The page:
Step 2: Ask ICE to stop Constantino’s deportation:

“Hi, I am calling to ask ICE to exercise prosecutorial discretion in the case of Constantino Morales (A# 200 588 443). Constantino is a hardworking community leader who has stood up for workers’ and immigrants’ rights in Iowa, and he faces threat of violence if he is deported to Mexico. He deserves an opportunity to remain unharmed, and he is a low-priority case that should not be removed from the United States. Please stop Constantino’s deportation!

*Please note that some of the phone calls have been answered by those who attempt to shame Constantino’s name and direct you to another ICE office. If this happens, please do not be discouraged – express your support and ask Field Officer Director Baniecke to stop Constantino’s deportation. You are calling the correct field office.

Step 3: Reply to this email to let us know how your call went.

As lawmakers in Washington DC fail to fix our broken immigration system, good hard-working citizens like Constantino continue to suffer at their expense. In times like these, we must come together and stand up for justice.

Feel free to contact us with any questions.


Join the Fight!

On Wednesday, February 27th, CCI organizers hosted a Future of Work meeting; members were there to learn more about our worker justice campaign, vision what the future of work could look like for their communities, and learn how they can get involved to help make that a reality.

Workers discussed current working conditions in jobs that members of their communities often take (such as construction and restaurant work), and contrasted current conditions with what they believe can be accomplished — a vision of work that’s fair, just, and equitable.

Here’s how members described the current working conditions in their communities:

  • being paid in cash
  • receiving bounced checks
  • wage theft
  • being paid minimum wage or below minimum wage
  • long hours with little pay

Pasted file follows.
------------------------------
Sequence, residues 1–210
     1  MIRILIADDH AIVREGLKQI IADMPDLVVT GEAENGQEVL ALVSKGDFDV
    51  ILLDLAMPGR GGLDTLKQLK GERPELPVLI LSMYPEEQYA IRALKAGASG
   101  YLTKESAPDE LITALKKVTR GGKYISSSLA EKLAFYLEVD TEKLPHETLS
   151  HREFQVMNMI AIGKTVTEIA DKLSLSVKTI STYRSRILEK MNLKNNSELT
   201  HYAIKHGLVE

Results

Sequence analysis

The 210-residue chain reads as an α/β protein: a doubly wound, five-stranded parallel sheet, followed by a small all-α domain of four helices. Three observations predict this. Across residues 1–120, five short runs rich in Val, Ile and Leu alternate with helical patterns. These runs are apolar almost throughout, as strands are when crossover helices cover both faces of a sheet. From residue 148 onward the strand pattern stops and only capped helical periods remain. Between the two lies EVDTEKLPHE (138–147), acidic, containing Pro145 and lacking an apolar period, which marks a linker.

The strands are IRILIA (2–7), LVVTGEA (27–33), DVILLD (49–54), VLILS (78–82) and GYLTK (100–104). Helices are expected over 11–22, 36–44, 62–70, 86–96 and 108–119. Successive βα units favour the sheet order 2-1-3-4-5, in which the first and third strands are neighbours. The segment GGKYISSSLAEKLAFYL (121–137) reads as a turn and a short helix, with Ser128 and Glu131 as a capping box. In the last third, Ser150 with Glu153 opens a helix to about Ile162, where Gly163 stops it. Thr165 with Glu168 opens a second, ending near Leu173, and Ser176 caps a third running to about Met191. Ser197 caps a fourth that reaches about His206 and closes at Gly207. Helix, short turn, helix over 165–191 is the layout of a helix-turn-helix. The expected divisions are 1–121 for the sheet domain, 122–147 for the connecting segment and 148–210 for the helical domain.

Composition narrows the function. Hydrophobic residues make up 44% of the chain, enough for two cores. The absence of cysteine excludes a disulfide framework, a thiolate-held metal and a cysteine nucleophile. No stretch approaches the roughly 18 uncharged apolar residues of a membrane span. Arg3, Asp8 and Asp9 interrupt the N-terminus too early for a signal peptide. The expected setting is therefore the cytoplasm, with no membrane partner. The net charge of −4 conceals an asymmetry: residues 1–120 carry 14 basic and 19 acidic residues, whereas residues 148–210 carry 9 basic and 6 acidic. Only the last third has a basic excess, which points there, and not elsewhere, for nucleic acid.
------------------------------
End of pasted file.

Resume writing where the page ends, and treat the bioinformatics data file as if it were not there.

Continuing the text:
• abusive subcontracting, not knowing who my boss is
  • slavery/ slavery like conditions

Members went on to discuss ideal working conditions, and how they could work towards them:

  • employee benefits
  • a living wage
  • no discrimination
  • knowing who my boss is
  • overtime pay if applicable

Before the meeting adjourned, members took blank petition sheets to recruit members of their community to the Future of Work Campaign.


Join the Fight!

On February 27th, Reu, Juan, and Baldemar, construction workers in the Des Moines area, met their wage thief head on – a man named Nick from a construction company in Des Moines.

The workers were owed wages for a construction project they did at one of Nick’s projects.

Nick hired a contractor named Eugene Ullman who came up to Iowa from Mississippi for this job. Eugene then hired Reu, Juan and Baldemar in Iowa. A few weeks into the project Eugene left to Mississippi and said he’d be back…

The workers continued working on Nick’s house under the belief that Eugene would return. But after a week of working for no pay, the workers tried to contact Eugene — and he was completely missing in action.

During that week of work, the workers were being supervised by Nick. Because members were not able to contact Eugene, they went up the “supply chain” and held Nick accountable for the wage theft. The workers asked him for a meeting.

Nick agreed to meet with the workers.

Out of the meeting, the workers realized that Nick was misclassifying them; Nick argued that they were subcontractors and that he had nothing to do with it. However, the workers laid out a good argument making Nick accountable for the stolen wages.

After a lot of back and forth and disagreement from both sides, Nick agreed to pay the workers and wrote a check for them right there. They were each owed different amounts but in total they won back $1,806.50.

Join the Fight!

Iowa CCI’s worker rights program hosts worker clinics the 2nd and 4th Monday of each month.

Come to our worker clinics if you are experiencing:

  • wage theft,
  • discrimination at your workplace,
  • health and/or safety violations at work, or
  • other issues related to your rights in the workplace.

If you are experiencing any of the above, come to CCI’s worker clinics and learn what you can do to reclaim your rights. The worker clinics are held the SECOND and FOURTH Monday of every month starting at 5 p.m. at the Iowa CCI office – 2001 Forest Ave, Des Moines, IA.

Our upcoming worker clinics:

  • Wednesday, January 29th at 5:00 p.m.
  • Monday, February 10th at 5:00 p.m.
  • Monday, February 24th at 5:00 p.m.


Join the Fight!